7 Web Accessibility Problems You Probably Missed P

Web accessibility is a necessity. The surge of digital accessibility lawsuits in 2020 makes it even more important to make sure your website is accessible to every potential visitor. Some web accessibility problems are more obvious than others, like making sure font sizes are large enough and choosing colors that contrast well against one another. But others are less obvious and easy to overlook. Any accessibility issues can mean you’re leaving out as much as 25% of your target audience and makes your company vulnerable to ADA lawsuits.

1. Problem: Your videos aren’t captioned and audio described

Woman in an open office happily watching a captioned video so she doesn't disturb anyone, benefited by web accessibility.Videos on your website need to include captions for people who are deaf or hard of hearing. Captions are useful for everyone because many people watch muted, captioned videos so they don’t disturb those around them. Audio descriptions are helpful for those who are blind or low vision. They describe what’s going on on the screen. Transcriptions of the video help web accessibility because people who are deaf or hard of hearing can read them, and people who are blind or low vision can use assistive technology to read the transcript to them. As an added bonus, search engines can search and index text transcripts while they cannot do so for videos.

2. Problem: Your ReCaptcha isn’t accessible

ReCaptcha spam filters block out spam, but they also block out real people. They’re enough of a hassle for people who are able to see, but many spam filters do not work with assistive technology, or require people to have full vision to complete them. Don’t block people from filling out your forms just because they aren’t able to complete a spam filter. Try a “honey pot” spam filter instead. 

3. Problem: Your URLs aren’t linked to words

No one wants to see a great big long URL in the middle of a paragraph without a description of where it leads. Assistive technology reads entire URLs to users, which is very disruptive and not helpful. Instead, link URLs to words that describe what information the link provides or why it’s relevant. Then assistive technology just reads the linked text to the user and indicates that it is linked to another page. 

4. Problem: Your images are poorly described

Images need to include alt text, but don’t assume that they’re accessible just because there’s something typed in the alt text field. Alt text should accurately describe the image and its relevance to the rest of the page. For example, a web page about flea and tick medications for dogs might have a picture of a grassy backyard. While it would be accurate to simply say “grass” as the alt text, it would be more accessible relative to the page to say “grassy backyard where dogs could pick up fleas and ticks.”

5. Problem: You picked a web accessibility plug-in to fix everything 

If it seems too good to be true, it probably is. One line or a few lines of code simply won’t catch all your accessibility issues. One-size-fits-all automated accessibility “solutions” often only catch  20-30% of accessibility problems. They can sometimes identify missing coding, but they can’t detect whether the coding that does exist is correct, whether things like headings and alt text are accurate, or whether the reading order is set correctly. That’s a problem if you have multiple columns or images between paragraphs. Unless your accessibility solution is custom-built, manually reviewing the website and its coding is the only accurate way to identify and fix accessibility issues.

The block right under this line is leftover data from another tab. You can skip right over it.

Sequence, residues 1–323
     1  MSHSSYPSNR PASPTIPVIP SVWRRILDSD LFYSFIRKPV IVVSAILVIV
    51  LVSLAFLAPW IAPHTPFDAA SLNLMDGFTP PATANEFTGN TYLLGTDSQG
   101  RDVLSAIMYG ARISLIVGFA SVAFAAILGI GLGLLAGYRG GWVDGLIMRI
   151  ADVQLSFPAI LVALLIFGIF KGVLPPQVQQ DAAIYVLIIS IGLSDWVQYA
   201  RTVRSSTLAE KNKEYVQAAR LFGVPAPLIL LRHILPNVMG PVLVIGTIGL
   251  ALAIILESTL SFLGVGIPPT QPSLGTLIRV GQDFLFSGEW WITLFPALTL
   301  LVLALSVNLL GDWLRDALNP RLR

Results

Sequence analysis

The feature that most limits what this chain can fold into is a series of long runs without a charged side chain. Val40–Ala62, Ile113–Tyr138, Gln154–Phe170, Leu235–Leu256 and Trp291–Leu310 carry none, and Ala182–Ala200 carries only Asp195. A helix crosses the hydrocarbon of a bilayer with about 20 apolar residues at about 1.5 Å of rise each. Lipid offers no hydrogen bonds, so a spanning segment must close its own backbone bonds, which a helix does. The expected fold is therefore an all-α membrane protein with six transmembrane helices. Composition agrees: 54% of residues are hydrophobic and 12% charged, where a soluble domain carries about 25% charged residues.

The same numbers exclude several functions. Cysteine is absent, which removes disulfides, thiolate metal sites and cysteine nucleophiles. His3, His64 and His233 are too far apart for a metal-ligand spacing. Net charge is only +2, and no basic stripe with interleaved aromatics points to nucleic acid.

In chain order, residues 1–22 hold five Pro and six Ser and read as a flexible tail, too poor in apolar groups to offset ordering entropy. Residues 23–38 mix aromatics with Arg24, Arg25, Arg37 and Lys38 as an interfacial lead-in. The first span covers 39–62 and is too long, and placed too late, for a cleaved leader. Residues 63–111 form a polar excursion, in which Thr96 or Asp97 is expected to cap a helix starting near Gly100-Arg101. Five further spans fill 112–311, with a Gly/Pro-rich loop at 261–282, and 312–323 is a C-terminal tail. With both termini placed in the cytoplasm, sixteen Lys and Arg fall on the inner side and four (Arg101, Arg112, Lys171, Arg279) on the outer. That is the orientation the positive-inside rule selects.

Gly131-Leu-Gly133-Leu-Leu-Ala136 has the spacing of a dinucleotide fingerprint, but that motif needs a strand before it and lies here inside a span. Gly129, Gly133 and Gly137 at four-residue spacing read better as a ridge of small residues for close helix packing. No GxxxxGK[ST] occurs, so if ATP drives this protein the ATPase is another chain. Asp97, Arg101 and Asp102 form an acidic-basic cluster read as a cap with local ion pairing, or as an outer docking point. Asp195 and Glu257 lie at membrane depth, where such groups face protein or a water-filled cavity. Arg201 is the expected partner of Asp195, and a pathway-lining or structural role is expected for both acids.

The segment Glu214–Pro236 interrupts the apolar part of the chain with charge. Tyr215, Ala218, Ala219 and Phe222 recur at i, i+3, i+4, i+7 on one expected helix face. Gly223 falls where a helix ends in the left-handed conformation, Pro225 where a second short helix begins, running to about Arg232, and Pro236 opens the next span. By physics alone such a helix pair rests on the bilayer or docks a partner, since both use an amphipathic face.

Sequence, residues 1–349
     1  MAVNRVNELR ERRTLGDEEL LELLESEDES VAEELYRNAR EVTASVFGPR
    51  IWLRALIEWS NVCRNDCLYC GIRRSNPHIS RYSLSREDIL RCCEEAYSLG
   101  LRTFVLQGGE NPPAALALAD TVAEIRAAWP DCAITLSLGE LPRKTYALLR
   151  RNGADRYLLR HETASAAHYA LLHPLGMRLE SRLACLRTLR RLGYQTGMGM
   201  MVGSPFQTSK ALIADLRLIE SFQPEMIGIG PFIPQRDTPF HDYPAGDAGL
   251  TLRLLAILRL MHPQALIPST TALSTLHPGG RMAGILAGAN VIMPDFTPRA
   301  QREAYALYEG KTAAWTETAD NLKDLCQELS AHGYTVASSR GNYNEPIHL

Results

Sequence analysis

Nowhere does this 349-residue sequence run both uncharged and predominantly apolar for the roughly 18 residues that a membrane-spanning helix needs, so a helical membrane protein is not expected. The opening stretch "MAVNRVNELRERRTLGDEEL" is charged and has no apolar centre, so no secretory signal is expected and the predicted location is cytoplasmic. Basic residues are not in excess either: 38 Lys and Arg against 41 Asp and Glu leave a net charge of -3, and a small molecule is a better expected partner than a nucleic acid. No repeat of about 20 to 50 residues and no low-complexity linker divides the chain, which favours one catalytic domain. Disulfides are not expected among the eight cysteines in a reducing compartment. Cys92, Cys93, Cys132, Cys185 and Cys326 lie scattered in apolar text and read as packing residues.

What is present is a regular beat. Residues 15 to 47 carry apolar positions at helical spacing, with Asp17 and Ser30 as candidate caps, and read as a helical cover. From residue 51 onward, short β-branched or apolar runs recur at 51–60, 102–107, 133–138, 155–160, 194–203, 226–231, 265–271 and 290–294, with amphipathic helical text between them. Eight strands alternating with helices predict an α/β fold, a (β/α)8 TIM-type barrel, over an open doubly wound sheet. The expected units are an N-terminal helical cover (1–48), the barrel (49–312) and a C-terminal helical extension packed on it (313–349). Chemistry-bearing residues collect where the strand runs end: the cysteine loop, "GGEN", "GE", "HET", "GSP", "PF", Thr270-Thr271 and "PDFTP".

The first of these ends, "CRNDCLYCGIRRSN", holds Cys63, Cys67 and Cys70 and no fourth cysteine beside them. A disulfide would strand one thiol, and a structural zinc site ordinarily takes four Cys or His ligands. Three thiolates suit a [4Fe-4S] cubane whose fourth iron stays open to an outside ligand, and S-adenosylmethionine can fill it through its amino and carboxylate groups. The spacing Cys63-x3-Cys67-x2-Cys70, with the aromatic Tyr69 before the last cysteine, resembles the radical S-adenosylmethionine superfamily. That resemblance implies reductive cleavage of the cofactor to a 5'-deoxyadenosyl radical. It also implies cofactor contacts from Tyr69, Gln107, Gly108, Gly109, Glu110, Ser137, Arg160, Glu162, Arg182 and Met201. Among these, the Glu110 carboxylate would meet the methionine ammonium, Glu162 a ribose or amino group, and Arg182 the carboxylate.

6. Problem: Your PDFs aren’t tagged (even the archived ones) 

Even if they’re buried in the far reaches of your website’s archived files, your PDFs need to be accessible. Assistive technology users can only access PDF files that are tagged for accessibility. While building a tag tree on each document can be time consuming, it’s important to make all of them accessible because even one inaccessible PDF can give a user cause to file a lawsuit. It’s important that any client statements or reports be accessible as well. That can take time if you’ve got thousands of files or statements, but it doesn’t have to be if you have the right software. Equidox PDF remediation software is easy to learn and use, and quickly builds tag trees with the help of AI-powered Smart Tools that identify many elements for you. Then the user can adjust as needed for accuracy.

7. Problem: You didn’t recheck your web accessibility after updates

Maybe your website was perfectly and thoroughly checked for accessibility last year. Every document, file, and page followed web accessibility best practices. But you’ve probably updated your website since then by adding and editing content. Check your website for accessibility carefully and frequently. There’s a chance any additions or changes made to your website may have “broken” your website’s accessibility.

Web accessibility requires diligence

Making sure every part of your website works for as many potential visitors as possible is not only a best practice to avoid ADA lawsuits but also enhance your company’s visibility. Check even the less-visited pages and files, and make sure every element is both accessible and usable in order to comply with the ADA. 

Ready to find and fix your hidden web accessibility problems and reach more potential customers? Contact us!

Pin It on Pinterest

Share This